On November 2, 2014, Jennifer Harper called 911 about a domestic dispute with her husband. But when Broward Sheriff's deputies arrived at the couple's Weston home that night, they decided to take her, not her husband, into custody.
After seeing the 41-year-old woman "crying hysterical" and finding out she hadn't been eating or sleeping, Dep. Christopher Bradley later wrote in an arrest report, he and Dep. Chad Bailey decided she needed to be committed under the Baker Act. While trying to handcuff her, Harper says, Bailey put her in a chokehold, violating BSO policy.
Feeling she might pass out, she bit Bailey's bicep — and was arrested for aggravated battery on a law enforcement officer.
Harper was eventually cleared by a jury. But now, almost four years after her arrest, she's suing the deputies and Sheriff Scott Israel over the ordeal. In a complaint filed this week in federal court, she argues the deputies used excessive force and falsely arrested her.
"It got to a point where she's not going to call 911 again because this happened to her," says Harper's attorney, Rick Yabor, who also represented her in the criminal trial. "She called 911; she ended up in jail six weeks, ended up having to go to trial for battery on a law enforcement officer."
So far, none of the defendants — the sheriff and Deputies Bradley and Bailey — has formally responded to the lawsuit. BSO does not comment on pending litigation.
In the arrest report, the deputies wrote that Harper struggled with them when told she was being Baker Acted. They said she bit Bailey while trying to resist being taken into custody, a claim they repeated in court. She said, "I hope I made him bleed cause I have hepatitis C," according to the arrest report.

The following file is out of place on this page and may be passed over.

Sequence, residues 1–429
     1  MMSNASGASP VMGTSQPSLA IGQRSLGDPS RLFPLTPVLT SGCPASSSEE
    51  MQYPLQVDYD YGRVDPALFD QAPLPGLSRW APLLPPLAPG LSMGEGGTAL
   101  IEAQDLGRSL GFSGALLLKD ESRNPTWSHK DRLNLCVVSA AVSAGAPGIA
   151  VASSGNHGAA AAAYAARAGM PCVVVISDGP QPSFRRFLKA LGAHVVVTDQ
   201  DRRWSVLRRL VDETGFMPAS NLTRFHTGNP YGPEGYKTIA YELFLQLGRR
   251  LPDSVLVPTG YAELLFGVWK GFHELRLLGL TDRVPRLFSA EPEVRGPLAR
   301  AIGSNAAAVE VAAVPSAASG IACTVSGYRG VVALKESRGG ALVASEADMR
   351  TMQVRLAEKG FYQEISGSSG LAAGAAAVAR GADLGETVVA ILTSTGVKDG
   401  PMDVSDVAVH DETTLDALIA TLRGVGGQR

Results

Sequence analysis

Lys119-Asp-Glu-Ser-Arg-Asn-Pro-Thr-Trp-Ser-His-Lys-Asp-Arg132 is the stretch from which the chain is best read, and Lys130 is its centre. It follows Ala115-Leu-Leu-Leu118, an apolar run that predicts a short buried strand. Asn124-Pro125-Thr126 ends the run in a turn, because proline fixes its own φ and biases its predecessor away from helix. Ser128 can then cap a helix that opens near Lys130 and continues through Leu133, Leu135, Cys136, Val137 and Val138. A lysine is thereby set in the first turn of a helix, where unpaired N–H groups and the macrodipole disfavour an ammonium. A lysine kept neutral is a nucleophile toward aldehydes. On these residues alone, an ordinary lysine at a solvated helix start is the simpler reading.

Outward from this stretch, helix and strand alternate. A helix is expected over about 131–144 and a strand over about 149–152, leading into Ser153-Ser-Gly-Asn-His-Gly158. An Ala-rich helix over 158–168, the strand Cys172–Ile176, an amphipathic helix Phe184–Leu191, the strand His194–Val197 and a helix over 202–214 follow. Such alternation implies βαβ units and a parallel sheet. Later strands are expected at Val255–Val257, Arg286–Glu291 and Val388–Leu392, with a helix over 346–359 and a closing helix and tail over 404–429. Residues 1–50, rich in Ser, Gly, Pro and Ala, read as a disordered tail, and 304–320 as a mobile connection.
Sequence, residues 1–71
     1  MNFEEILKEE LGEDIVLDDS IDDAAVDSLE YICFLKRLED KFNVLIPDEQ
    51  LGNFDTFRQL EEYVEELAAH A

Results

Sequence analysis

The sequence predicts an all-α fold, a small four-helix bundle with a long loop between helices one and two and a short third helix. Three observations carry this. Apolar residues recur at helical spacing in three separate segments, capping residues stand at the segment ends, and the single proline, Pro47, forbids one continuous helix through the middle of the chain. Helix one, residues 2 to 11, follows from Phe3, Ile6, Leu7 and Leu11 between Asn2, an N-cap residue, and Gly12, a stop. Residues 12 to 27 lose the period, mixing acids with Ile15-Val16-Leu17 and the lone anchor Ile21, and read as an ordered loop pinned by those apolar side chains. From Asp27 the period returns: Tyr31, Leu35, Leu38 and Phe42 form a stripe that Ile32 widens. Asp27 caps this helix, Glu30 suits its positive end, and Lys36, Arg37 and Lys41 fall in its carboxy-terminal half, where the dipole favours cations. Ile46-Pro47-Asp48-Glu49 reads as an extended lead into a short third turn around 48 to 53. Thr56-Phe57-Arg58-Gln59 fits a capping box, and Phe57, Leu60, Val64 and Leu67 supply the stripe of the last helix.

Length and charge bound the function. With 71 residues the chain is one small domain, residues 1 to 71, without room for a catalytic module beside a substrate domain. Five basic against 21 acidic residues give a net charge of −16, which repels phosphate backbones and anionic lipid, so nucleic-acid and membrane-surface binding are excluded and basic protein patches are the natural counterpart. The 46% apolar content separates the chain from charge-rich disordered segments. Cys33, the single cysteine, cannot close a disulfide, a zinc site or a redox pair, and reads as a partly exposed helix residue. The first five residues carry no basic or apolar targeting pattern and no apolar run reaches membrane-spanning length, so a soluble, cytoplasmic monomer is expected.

But Yabor argues it would be physically impossible for Harper to have bitten Bailey the way the deputies described: that one of them was holding her arm against her back and the other was holding her forearm against the table.
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"Even Linda Blair from The Exorcist couldn't do that," he says.
He also disputes the comment attributed to Harper, saying she told the deputies of her ailment as a courtesy, to let the deputy know to get checked out.
In the summer of 2016, a jury acquitted Harper. She has since moved out of state but remains shaken by the ordeal, her attorney says.
"It is not a good position to be in when you fear the police," Yabor says. "That's not the purpose of the police. It's to protect and serve, not for you to be afraid of them."